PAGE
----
ICES and NASCO require countries with natural stocks of Atlantic salmon to set criteria against which to give advice on stock status and to manage and conserve individual river stocks. In England and Wales, conservation limits (CLs) have been developed to indicate the minimum spawning stock levels below which stocks should not be allowed to fall. In the South West region there are 20 rivers selected as main salmon rivers representing 2299ha of accessible wetted area for salmon. These rivers range in size and characteristics throughout the region.
All 20 main salmon rivers in the South West have salmon action plans (SAP). These contain an agreed list of actions that the Environment Agency, in partnership with outside interests who support the plan, are committed to address in order to meet locally the objectives of its sea trout and salmon strategy “better sea trout and salmon fisheries” launched in 2008.
7 of these rivers are also designated as special area of conservation (SAC) under the EU Habitats Directive (92/43/EEC) on Conservation of Natural Habitat and of Wild Fauna and Flora with salmon being the “qualifying species”. This stipulates that member states maintain or restore habitats and species to favourable conservation status and maintain additional protection measures.
Map of salmon rivers in the South West
Salmon populations have declined in most rivers in the region, however this varies in each river catchment and with the weather patterns each year. There was a slight improvement in numbers of returning fish and spawners in 2000 and 2001 and again in 2004, but the general trend has been downward since the late 1980s and the numbers in 2009 are estimated to be the lowest in the time series.
There is concern about environmental degradation in rivers, mainly in rural areas, caused by changing land use practices, especially agriculture and forestry. Issues of particular concern are siltation resulting from soil and bank erosion, pesticides from sheep dip chemicals, acidification and changes in river flows. The relative importance of these effects vary around the country and in each river catchment. The extent and nature of soil erosion impacts are being investigated and national water abstraction licence legislation is under review.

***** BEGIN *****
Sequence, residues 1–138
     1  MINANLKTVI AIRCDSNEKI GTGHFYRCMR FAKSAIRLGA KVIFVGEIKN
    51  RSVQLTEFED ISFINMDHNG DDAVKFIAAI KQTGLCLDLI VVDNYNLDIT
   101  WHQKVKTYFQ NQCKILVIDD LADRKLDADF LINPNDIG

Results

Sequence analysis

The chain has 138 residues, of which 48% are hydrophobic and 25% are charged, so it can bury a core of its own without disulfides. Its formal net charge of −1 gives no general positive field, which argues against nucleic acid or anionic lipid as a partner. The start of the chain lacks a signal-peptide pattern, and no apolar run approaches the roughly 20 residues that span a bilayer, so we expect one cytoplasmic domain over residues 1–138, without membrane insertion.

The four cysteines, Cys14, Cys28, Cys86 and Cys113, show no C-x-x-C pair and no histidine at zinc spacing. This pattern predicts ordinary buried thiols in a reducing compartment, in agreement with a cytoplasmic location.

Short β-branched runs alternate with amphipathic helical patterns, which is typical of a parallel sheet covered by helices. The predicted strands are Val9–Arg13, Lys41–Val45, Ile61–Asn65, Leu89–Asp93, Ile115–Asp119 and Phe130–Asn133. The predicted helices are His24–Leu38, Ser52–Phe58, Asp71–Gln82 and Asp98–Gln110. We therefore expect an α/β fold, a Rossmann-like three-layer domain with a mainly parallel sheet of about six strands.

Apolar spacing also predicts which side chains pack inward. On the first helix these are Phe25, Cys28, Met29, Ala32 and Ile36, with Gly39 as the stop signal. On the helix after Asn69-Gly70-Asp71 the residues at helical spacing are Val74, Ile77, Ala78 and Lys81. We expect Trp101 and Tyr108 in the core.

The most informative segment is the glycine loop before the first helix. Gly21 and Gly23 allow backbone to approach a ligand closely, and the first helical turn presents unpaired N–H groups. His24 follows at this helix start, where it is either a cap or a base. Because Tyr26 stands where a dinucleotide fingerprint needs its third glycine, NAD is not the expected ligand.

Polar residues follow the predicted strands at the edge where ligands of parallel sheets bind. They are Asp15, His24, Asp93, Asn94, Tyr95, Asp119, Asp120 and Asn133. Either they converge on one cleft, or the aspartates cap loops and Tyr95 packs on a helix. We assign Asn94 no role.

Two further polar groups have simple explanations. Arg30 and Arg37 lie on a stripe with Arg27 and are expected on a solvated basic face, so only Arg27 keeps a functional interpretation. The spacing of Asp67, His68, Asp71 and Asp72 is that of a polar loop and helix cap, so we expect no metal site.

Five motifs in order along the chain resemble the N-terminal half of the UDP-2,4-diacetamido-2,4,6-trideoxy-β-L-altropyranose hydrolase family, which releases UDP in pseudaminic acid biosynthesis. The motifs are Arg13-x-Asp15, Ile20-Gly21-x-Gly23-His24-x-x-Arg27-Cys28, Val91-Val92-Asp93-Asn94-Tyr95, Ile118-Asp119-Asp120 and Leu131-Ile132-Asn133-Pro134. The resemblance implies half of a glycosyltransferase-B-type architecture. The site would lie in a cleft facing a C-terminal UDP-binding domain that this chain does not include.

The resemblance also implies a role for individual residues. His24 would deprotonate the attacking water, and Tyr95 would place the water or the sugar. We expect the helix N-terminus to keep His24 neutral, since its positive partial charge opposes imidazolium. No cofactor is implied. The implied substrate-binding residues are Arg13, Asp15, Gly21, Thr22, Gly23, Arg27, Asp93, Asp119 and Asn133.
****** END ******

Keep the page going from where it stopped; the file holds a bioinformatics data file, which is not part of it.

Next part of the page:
Changes in the British climate are predicted to become more pronounced and the most likely scenarios are for higher temperatures, wetter winters, drier summers and more extreme events of flooding and drought. In the future we are likely to need to introduce measures to reduce river temperatures as much as possible, especially on the chalk streams but also on the rain-fed rivers of Devon & Cornwall. Changes in climate are global and the increased natural mortality of salmon at sea in recent years may also be linked to climate change.
Conservation limits and management targets form only one part of the assessment of the status of a stock. Management decisions are never based simply on a compliance result alone. Because stocks are naturally variable, the fact that a stock is currently exceeding its CL does not mean that there will be no need for any management action. Similarly, the fact that a stock may fall below its CL for a small proportion of the time may not mean there is a problem. Thus, a range of other factors are taken into account. These include the structure of the stock and any evidence concerning the status of particular stock components, such as tributary populations or age groups. It is based on patterns of run-timing and the production of juveniles in the river sub-catchments.
Hampshire Avon and Dorset rivers
The Frome has been consistently around or above its CL for a number of years but its compliance probably not at risk, even though in 2003 & 2005 it recorded slightly below 100%. In 2014 its compliance is also predicted to be probably not at risk. The Hampshire Avon, Stour and Piddle all failed their CLs compliance and all of them are “at risk” in 2014.
Proportion of conservation limit attained from 1998 to 2009 in Hampshire Avon and Dorset salmon rivers
East Devon rivers